The Department of Statistics Seminar Series will be conducted remotely via Zoom this semester. All event times are listed in Eastern Standard Time. Speakers for this semester include:
Tuesday, September 15 at 4 PM
Title: When Do We Stop SGD?
Abstract: Stochastic gradient descent (SGD) and related methods have become a staple in a broad class of optimization problems, even though the question of when to terminate the iterations is still open. In this talk, we will discuss why termination criteria are important, what the specific challenges are for developing rigorous termination criteria for SGD, and our recent efforts to address these challenges.
Tuesday, September 22 at 3:30 PM
Title: Data Privacy in the Real World
Abstract: With recent misuses of data access such as the Facebook - Cambridge Analytica Scandal, society raises valid data privacy concerns when private companies and other entities gather their information. Statistical disclosure control (SDC) or limitation are methods that aim to release high-quality data products while preserving the confidentiality of sensitive data. These techniques have existed within the statistics field since the mid-twentieth century, but, over the past two decades, the data landscape has dramatically changed. Data adversaries (or intruders) can more easily reconstruct datasets and identify individuals from supposedly anonymized data with the advances in modern information infrastructure and computation. While traditional methods of SDC and secure data centers are still used extensively, varying opinions about procedures have been developed across academia, government, and industry and in different countries. A definition known as Differential Privacy (DP) has garnered much attention, and many researchers and data maintainers are moving to develop and implement differentially private methods. In this talk, I will introduce and survey what SDC and DP are and the current challenges in applying these methods to real world data. I will provide motivating examples such as the current collaboration with the Urban Institute and IRS to generate synthetic data (pseudo record data) of tax return data that is invaluable for analyzing US presidential candidates’ proposed tax policies.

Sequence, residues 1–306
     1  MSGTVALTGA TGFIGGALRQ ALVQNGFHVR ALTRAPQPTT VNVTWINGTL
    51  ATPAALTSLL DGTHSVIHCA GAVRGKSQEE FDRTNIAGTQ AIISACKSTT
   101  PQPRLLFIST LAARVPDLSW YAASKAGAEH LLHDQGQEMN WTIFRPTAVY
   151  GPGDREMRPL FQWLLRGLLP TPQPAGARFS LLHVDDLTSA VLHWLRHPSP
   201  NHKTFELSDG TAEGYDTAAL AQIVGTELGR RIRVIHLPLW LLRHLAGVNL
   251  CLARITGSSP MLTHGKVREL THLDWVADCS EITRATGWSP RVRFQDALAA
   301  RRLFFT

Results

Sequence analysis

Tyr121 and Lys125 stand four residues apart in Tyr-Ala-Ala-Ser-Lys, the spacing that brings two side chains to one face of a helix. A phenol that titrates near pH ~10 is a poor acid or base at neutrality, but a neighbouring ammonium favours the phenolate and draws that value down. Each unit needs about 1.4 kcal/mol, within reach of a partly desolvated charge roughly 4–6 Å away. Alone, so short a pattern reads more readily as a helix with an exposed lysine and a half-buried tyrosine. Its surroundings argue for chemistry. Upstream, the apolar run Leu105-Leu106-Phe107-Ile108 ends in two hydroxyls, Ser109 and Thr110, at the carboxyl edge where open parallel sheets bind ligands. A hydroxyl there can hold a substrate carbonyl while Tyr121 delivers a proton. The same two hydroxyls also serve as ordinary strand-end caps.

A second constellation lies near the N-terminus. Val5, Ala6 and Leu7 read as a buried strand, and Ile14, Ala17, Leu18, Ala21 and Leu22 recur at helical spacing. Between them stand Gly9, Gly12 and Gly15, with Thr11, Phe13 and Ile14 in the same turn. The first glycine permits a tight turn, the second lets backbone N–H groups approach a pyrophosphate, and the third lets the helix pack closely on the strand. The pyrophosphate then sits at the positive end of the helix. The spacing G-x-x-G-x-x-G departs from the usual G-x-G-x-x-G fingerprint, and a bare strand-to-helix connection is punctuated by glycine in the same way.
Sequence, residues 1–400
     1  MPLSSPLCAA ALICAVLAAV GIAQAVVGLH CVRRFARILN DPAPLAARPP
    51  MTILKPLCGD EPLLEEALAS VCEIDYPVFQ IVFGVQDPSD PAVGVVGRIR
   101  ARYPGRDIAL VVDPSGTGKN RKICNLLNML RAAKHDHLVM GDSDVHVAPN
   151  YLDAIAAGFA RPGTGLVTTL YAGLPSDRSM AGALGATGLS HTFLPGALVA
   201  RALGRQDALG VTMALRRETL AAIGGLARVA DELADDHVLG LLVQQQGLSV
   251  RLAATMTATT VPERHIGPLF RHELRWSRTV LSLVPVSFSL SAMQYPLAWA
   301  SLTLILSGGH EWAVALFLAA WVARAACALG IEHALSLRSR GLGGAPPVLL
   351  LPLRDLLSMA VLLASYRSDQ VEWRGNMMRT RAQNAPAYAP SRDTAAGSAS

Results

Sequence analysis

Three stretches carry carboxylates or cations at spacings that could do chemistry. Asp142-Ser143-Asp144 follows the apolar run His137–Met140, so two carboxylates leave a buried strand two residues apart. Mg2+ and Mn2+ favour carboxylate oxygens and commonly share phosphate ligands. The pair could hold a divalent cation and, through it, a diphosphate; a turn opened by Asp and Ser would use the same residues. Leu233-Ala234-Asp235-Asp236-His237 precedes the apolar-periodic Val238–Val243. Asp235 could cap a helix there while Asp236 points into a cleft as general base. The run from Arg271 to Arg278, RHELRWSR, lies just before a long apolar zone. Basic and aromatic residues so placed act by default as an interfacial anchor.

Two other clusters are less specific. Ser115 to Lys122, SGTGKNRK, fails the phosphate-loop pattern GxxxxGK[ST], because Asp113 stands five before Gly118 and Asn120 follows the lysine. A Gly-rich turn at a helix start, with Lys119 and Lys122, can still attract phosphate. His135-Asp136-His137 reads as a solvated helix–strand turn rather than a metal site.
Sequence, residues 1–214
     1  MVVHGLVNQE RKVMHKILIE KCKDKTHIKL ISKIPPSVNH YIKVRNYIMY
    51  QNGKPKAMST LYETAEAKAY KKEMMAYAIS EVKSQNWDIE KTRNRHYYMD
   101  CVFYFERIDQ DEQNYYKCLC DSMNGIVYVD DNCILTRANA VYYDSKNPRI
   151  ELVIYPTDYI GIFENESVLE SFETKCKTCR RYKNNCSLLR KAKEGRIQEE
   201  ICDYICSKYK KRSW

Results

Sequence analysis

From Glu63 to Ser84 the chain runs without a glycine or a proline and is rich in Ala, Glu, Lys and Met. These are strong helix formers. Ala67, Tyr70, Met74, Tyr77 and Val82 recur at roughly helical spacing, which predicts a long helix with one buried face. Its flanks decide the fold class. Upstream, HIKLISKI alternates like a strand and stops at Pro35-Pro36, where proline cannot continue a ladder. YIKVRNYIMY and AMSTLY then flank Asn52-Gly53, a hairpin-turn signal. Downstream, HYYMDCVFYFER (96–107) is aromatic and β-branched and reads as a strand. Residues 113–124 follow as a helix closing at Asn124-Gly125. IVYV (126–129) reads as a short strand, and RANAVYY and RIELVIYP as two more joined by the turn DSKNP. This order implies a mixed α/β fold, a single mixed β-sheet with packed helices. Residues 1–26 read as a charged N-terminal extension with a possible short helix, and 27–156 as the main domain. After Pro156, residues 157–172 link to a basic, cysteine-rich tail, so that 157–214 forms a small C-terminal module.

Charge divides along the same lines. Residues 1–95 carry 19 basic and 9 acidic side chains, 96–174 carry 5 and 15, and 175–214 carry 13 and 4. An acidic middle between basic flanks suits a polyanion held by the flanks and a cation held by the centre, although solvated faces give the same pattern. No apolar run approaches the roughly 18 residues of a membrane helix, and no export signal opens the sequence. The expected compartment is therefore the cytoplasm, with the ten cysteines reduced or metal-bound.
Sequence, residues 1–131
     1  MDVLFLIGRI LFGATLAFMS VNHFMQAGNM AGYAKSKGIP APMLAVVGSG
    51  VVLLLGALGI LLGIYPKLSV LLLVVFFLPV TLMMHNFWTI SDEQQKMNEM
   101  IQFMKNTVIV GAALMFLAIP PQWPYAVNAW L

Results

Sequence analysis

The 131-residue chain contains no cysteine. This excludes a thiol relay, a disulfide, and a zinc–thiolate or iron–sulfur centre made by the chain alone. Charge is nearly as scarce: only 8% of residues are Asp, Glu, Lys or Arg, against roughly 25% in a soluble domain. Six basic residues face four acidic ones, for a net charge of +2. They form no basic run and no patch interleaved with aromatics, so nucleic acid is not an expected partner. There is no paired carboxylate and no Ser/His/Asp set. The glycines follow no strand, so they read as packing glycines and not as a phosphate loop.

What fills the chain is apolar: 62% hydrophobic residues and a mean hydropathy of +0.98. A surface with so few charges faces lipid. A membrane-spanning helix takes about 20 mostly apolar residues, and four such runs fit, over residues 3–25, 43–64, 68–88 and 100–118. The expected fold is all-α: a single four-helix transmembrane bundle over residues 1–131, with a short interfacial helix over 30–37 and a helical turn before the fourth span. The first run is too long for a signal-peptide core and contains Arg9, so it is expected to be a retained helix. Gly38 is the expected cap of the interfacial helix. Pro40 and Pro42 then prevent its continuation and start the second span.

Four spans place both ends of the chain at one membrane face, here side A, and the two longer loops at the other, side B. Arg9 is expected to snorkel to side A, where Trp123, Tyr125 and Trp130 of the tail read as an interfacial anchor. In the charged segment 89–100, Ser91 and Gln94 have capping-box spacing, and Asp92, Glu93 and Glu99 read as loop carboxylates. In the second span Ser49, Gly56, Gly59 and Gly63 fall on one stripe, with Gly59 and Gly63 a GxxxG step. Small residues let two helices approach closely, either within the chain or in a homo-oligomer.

Tuesday, September 29 at 3:30 PM
Title: Simultaneous prediction and community detection for networks with application to neuroimaging
Abstract: Community structure in networks is observed in many different domains, and unsupervised community detection has received a lot of attention in the literature. Increasingly the focus of network analysis is shifting towards using network information in some other prediction or inference task rather than just analyzing the network itself. In neuroimaging applications, brain networks are available for multiple subjects and the goal is often to predict a phenotype of interest. Community structure is well known to be a feature of brain networks, typically corresponding to different regions of the brain responsible for different functions. There are standard parcellations of the brain into such regions, usually obtained by applying clustering methods to brain connectomes of healthy subjects. However, when the goal is predicting a phenotype or distinguishing between different conditions, these unsupervised communities from an unrelated set of healthy subjects may not be useful.
In this talk, I will present a method for supervised community detection, aiming to find a partition of the network into communities that are most useful for predicting a particular response. We use a block-structured regularization penalty combined with a prediction loss function, and compute the solution with a combination of a spectral method and an ADMM optimization algorithm. We show that the spectral clustering method recovers the correct communities under a weighted stochastic block model. The method performs well on both simulated and real brain networks, providing support for the idea of task-dependent brain regions. This is joint work with Elizaveta Levina
Tuesday, October 6 at 3:30 PM
Title: Causal inference with spatio-temporal data: estimating the effects of airstrikes on insurgent violence in Iraq
Abstract: Many causal processes have spatial and temporal dimensions. Yet the classic causal inference framework is not directly applicable when the treatment and outcome variables are generated by spatio-temporal processes with an infinite number of possible event locations at each point in time. We take up the challenge of extending the potential outcomes framework to these settings by formulating the treatment point process as stochastic intervention. Our causal estimands include the expected number of outcome events in a specified area of interest under a particular stochastic treatment assignment strategy. We develop an estimation technique that applies the inverse probability of treatment weighting method to spatially-smoothed outcome surfaces. We demonstrate that the proposed estimator is consistent and asymptotically normal as the number of time period approaches infinity. A primary advantage of our methodology is its ability to avoid structural assumptions about spatial spillover and temporal carryover effects. We use the proposed methods to estimate the effects of American airstrikes on insurgent violence in Iraq (February 2007 – July 2008). We find that increasing the average number of daily airstrikes for up to one month increases insurgent attacks across Iraq and within Baghdad. We also find evidence that airstrikes can displace attacks from Baghdad to new locations up to 400 kilometers away.